Attorney General Brad Schimel: Ruling blocking new EPA water pollution regulations should apply nationwide

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WASHINGTON — The Environmental Protection Agency says it is going forward with a new federal rule to protect small streams, tributaries and wetlands, despite a court ruling that blocked the measure in 13 central and Western states.

The EPA says a rule that took effect Friday, August 28th in 37 states will safeguard drinking water for millions of Americans.

Opponents, including farm and business groups, have pledged to fight the rule, emboldened by a federal court decision Thursday that blocked the rule from Alaska to Arkansas.

Other lawsuits seeking to block the rule are pending across the country, and the Republican-controlled Congress has moved to thwart it.

Opponents call the rule federal overreach. The EPA says it clarifies which smaller waterways fall under federal protection after two Supreme Court rulings left that uncertain.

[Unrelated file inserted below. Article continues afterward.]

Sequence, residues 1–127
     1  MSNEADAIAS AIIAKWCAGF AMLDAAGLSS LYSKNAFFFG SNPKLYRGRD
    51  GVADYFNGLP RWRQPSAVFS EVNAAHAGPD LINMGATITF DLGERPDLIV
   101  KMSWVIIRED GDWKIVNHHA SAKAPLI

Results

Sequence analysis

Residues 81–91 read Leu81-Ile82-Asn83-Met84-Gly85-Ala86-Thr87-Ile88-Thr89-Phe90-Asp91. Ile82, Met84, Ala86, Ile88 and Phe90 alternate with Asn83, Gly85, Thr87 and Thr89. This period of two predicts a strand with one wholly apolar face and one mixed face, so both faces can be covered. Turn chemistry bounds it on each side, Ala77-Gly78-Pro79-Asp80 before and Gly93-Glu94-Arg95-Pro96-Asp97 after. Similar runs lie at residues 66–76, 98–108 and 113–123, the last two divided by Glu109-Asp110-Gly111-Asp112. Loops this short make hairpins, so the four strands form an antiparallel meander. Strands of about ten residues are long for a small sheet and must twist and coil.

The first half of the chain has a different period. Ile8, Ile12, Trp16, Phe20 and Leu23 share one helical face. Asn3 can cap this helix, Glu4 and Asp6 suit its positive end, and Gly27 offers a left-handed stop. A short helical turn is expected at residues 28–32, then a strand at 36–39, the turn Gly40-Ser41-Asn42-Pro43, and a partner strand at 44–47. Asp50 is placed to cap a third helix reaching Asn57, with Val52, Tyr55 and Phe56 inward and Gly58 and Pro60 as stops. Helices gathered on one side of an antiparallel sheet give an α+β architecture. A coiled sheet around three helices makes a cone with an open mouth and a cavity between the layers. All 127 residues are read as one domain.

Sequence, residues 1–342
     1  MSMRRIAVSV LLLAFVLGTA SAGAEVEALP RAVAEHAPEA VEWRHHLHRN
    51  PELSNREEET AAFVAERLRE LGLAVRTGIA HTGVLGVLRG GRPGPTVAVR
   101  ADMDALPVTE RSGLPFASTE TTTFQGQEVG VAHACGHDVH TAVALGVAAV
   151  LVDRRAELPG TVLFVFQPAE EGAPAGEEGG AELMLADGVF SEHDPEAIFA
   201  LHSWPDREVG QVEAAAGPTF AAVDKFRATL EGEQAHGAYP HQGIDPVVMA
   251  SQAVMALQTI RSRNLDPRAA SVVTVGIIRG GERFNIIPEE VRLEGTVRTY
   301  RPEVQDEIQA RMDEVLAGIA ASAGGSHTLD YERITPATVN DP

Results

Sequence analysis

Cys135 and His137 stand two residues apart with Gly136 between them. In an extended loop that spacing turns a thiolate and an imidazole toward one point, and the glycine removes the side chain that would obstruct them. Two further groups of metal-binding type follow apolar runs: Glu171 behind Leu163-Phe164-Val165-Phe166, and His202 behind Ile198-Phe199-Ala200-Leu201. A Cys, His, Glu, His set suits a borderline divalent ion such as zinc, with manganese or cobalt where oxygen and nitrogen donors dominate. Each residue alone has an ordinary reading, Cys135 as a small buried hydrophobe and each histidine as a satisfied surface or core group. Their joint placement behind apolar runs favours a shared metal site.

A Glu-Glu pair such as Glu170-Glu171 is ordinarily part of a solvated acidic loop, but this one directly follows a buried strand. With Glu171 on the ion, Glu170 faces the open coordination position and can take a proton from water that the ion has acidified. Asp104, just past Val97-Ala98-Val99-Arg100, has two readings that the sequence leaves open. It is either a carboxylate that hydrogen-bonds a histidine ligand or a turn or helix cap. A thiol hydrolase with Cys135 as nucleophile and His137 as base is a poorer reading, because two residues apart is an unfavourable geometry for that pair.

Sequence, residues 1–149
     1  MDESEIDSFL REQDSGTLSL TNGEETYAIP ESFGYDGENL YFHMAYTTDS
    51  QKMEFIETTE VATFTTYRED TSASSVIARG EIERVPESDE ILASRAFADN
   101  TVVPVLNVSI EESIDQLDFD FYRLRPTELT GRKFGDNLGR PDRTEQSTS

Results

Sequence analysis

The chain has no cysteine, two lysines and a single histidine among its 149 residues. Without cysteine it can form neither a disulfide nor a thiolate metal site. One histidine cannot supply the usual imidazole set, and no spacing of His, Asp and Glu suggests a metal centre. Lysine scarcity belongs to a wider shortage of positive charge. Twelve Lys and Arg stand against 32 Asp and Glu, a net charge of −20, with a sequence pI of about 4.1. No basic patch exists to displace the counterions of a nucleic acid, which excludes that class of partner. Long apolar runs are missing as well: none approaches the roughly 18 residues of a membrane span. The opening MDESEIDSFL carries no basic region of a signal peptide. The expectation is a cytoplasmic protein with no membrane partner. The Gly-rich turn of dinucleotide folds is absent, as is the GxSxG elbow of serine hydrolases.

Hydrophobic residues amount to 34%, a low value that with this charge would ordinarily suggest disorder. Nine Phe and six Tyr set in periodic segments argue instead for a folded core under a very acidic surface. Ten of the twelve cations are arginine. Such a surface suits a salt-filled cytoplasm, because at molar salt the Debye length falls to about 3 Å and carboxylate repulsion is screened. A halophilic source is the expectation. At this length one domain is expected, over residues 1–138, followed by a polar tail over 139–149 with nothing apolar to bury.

Wisconsin Attorney General Brad Schimel is arguing the federal court ruling blocking new Environmental Protection Agency water pollution regulations should apply nationwide.

The EPA says the rules clarify which waterways fall under federal protection. Landowners say the rule will be burdensome because it will require more permits. Lawsuits to block the regulations are pending across the country; Wisconsin has a federal lawsuit in Georgia.

Schimel said in a statement Friday that well-established precedent shows the injunction affects all 50 states and he expects Wisconsin and other states will seek clarification that the ruling applies nationwide.

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